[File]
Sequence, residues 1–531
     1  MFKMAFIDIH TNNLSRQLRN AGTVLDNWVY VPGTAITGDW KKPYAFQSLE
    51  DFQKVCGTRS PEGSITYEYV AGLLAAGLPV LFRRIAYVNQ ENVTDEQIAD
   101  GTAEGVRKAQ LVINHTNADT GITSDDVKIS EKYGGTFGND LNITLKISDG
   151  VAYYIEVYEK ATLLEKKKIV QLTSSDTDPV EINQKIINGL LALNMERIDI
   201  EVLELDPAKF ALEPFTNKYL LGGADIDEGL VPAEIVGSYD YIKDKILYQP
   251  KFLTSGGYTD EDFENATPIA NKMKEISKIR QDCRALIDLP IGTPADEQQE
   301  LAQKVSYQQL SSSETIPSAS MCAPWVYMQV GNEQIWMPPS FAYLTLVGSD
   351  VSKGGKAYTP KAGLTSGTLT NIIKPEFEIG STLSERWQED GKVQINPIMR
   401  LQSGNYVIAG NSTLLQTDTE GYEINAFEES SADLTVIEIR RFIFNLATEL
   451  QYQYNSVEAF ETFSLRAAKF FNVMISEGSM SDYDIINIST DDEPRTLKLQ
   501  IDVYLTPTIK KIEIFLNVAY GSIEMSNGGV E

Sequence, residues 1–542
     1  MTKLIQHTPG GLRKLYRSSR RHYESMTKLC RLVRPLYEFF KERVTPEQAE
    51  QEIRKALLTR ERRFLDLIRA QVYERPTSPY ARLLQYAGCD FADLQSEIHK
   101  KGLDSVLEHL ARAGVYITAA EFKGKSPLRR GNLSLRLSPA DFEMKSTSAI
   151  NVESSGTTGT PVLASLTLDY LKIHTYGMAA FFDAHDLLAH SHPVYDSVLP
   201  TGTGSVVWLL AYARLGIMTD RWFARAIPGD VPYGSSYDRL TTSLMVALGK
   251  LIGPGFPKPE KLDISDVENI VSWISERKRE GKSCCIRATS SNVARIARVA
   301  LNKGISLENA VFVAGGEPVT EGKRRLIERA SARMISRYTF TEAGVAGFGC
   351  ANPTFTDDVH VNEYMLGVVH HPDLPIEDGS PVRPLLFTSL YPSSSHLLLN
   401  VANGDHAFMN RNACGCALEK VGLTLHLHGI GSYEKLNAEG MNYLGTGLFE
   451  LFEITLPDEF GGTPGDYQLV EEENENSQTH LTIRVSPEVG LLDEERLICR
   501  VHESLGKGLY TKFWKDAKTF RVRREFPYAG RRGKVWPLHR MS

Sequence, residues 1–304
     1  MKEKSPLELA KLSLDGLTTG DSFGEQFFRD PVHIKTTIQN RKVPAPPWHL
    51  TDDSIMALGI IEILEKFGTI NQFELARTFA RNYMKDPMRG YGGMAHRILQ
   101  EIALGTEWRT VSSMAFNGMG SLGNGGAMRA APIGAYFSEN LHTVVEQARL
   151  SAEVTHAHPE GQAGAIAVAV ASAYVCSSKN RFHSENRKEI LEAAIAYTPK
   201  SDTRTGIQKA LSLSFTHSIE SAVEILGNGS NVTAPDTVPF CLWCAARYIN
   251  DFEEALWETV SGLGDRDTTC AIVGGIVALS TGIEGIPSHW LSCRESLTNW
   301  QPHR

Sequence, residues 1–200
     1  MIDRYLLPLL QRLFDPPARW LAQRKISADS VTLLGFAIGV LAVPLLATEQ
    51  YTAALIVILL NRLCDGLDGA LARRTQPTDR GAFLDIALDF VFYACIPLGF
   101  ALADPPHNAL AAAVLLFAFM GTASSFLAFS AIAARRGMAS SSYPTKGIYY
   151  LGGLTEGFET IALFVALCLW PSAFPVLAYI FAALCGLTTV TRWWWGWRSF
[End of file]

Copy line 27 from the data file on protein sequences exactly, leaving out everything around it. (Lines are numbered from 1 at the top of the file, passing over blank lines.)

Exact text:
    51  TDDSIMALGI IEILEKFGTI NQFELARTFA RNYMKDPMRG YGGMAHRILQ